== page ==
AUSTIN, Texas (AP) — Texas wants Planned Parenthood to give back millions of dollars in Medicaid reimbursements — and pay far more in fines on top of that — in a lawsuit that appears to be the first of its kind brought by a state against the largest abortion provider in the U.S.
A hearing was set for Tuesday in front of U.S. District Judge Matthew Kacsmaryk, who earlier this year put access to the most common method of abortion in the U.S. in limbo with a ruling that invalidated approval of the abortion pill mifepristone.
The case now before him in America’s biggest red state does not surround abortion, which has been banned in Texas since the U.S. Supreme Court overturned Roe v. Wade last year. But Planned Parenthood argues the attempt to recoup at least $17 million in Medicaid payments for health services, including cancer screenings, is a new effort to weaken the organization after years of Republican-led laws that stripped funding and imposed restrictions on how its clinics operate.
At issue is money Planned Parenthood received for health services before Texas removed the organization from the state’s Medicaid program in 2021. Texas had begun trying to oust Planned Parenthood four years earlier and is seeking repayment for services billed during that time.
“This baseless case is an active effort to shut down Planned Parenthood health centers,” said Alexis McGill Johnson, president of Planned Parenthood Federation of America.
Texas brought the lawsuit under the federal False Claims Act, which allows fines for every alleged improper payment. Planned Parenthood says that could result in a judgement in excess of $1 billion.
It is not clear when Kacsmaryk will rule.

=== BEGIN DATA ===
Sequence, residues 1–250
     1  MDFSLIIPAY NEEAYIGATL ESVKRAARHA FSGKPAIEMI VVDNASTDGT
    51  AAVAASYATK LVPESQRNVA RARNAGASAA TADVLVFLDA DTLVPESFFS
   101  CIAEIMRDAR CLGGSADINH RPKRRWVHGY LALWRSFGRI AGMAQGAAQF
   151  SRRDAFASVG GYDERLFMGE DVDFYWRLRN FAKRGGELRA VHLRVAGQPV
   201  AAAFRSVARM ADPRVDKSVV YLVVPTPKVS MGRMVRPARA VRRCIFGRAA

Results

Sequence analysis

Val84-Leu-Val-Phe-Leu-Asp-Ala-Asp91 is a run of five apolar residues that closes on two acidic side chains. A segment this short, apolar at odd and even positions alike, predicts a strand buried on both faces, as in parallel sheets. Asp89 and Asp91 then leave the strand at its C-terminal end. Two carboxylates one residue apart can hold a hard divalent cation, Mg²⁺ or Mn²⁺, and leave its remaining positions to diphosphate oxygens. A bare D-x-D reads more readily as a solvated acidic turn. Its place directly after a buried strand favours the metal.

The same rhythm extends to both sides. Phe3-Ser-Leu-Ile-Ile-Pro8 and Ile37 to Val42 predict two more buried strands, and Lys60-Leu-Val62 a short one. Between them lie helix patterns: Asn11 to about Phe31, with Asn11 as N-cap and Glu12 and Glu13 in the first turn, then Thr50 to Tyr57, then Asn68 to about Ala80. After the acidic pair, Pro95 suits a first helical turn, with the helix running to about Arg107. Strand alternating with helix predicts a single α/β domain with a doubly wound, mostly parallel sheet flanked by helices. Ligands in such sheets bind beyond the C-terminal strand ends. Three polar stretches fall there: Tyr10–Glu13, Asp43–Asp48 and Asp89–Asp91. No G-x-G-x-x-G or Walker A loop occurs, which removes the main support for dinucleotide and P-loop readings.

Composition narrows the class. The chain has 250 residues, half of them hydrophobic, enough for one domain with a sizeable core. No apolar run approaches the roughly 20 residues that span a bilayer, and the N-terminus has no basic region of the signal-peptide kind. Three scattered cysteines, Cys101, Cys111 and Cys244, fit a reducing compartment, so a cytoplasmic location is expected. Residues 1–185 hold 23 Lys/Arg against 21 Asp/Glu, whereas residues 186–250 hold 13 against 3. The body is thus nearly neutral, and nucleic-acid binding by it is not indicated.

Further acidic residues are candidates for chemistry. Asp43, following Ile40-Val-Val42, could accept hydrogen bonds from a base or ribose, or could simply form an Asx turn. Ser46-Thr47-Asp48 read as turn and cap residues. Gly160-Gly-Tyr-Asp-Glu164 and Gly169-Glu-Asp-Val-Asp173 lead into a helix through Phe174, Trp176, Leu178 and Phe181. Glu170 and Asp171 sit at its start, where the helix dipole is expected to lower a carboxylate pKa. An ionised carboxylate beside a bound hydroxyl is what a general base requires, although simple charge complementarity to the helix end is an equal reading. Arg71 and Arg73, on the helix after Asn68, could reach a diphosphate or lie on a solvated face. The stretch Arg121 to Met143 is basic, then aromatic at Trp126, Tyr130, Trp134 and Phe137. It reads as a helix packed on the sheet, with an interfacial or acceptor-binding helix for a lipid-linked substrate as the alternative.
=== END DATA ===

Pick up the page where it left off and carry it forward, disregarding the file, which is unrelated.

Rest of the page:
The lawsuit was announced last year by Republican Texas Attorney General Ken Paxton, who is now temporarily suspended from office pending the outcome of his impeachment trial next month over accusations of bribery and abuse of office.
Spokespersons for the office did not return a message seeking comment Monday. Last year, Paxton said it was “unthinkable that Planned Parenthood would continue to take advantage of funding knowing they were not entitled to keep it.”
Jacob Elberg, a former federal prosecutor who specialized in health care fraud, described Texas’ argument as weak.
He called the False Claims Act the government’s most powerful tool against health fraud. Cases involving the law in recent years have included a health records company in Florida and a Montana health clinic that submitted false asbestos claims.
Elberg said it is “hard to understand” how Planned Parenthood was knowingly filing false claims at a time when it was in court fighting to stay in the program and Texas was still paying the reimbursements.
“This just isn’t what the False Claims Act is supposed to be about,” said Elberg, faculty director at Seton Hall Law School’s Center for Health & Pharmaceutical Law.
Planned Parenthood has roughly three dozen health clinics in Texas. One has closed since the Supreme Court ruling last year that allowed Texas to ban abortion.
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